The Florida Supreme Court has approved the ballot language for the legalization of medical marijuana.
In a four-three decision the court decided that the ballot's wording does not mislead the public, like Attorney General Pam Bondi had argued.
Ben Pollara, manager of the United We Care campaign that gathered the signatures needed for the amendment to get on the ballot, called this a "historic day for Florida."
"[A]nd a historic and important day for the hundreds of thousands of Floridians out there who are suffering and are really desperate for the sort of relief that medical marijuana could essentially bring," Pollara added.
Here is an excerpt from the decision:
...We hold that the voters are given fair notice as to the chief purpose and scope of the proposed amendment, which is to allow a restricted use of marijuana for certain debilitating medical conditions. …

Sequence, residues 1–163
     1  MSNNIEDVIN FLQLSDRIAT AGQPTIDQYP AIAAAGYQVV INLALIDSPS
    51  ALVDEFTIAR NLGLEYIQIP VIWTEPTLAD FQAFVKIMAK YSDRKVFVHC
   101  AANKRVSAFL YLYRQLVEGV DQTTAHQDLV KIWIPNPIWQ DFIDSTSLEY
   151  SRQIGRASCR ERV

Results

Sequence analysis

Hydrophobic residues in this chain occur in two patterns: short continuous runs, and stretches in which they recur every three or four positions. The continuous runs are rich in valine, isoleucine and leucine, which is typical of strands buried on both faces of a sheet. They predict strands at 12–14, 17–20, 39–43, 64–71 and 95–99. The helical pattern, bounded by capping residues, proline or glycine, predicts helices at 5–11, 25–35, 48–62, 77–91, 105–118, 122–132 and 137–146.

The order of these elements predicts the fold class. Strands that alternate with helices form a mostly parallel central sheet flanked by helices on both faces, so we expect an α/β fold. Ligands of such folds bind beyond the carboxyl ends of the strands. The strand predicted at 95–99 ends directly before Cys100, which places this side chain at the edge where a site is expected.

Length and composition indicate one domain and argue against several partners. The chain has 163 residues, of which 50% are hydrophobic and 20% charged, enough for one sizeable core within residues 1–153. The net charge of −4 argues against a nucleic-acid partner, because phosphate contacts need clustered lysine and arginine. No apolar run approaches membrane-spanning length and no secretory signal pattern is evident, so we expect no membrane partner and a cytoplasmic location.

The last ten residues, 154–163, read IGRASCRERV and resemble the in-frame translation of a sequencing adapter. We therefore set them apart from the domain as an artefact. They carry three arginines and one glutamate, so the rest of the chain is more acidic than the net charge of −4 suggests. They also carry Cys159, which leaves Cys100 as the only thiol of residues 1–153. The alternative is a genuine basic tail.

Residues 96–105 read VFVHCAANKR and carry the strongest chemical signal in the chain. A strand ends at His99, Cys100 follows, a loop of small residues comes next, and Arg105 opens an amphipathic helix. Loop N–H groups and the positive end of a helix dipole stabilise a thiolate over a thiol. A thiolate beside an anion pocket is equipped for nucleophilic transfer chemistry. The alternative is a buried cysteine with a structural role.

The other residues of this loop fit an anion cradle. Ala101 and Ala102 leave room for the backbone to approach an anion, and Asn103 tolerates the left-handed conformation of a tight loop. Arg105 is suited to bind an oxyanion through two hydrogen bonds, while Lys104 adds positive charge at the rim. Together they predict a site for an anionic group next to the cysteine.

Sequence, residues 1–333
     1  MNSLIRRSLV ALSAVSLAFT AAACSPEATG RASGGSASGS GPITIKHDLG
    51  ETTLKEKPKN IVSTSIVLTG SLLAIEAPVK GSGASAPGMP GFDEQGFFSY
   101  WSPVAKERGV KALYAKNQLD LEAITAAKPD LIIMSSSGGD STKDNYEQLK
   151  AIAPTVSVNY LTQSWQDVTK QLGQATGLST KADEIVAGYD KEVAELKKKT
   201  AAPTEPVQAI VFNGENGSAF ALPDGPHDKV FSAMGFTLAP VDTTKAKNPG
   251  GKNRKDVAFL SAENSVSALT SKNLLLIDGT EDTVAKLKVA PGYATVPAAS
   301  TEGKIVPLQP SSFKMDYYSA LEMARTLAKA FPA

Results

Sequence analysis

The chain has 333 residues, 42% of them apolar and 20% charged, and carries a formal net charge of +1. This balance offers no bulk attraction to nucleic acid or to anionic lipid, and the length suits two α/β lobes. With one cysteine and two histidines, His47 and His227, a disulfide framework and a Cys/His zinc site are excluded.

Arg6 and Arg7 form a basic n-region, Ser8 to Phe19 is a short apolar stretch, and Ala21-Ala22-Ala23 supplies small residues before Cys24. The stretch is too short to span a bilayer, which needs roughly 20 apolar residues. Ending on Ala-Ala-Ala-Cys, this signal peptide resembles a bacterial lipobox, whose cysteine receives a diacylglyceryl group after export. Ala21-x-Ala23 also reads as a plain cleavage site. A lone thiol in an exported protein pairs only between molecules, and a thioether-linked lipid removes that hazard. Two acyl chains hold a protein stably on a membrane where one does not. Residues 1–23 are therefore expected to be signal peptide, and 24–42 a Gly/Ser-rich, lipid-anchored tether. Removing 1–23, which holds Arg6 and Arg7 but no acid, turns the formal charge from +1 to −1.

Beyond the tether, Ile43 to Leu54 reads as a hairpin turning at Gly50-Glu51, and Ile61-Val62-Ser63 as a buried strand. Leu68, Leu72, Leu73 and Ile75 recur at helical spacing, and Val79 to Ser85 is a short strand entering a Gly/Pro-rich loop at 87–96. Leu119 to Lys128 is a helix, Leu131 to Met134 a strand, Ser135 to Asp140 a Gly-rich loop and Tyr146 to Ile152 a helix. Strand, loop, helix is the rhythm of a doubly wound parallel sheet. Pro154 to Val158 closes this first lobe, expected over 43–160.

We conclude that the voters will not be affirmatively misled regarding the purpose of the proposed amendment because the ballot title and summary accurately convey the limited use of marijuana, as determined by a licensed Florida physician, that would be authorized by the amendment consistent with its intent. …
The interpretation of the proposed amendment offered by the proponent that ―the intent is to allow [marijuana] use for a serious medical condition or disease,‖ rather than for any medical condition for which a physician personally believes that the benefits outweigh the health risks, is a reasonable one that is supported by accepted principles of constitutional interpretation.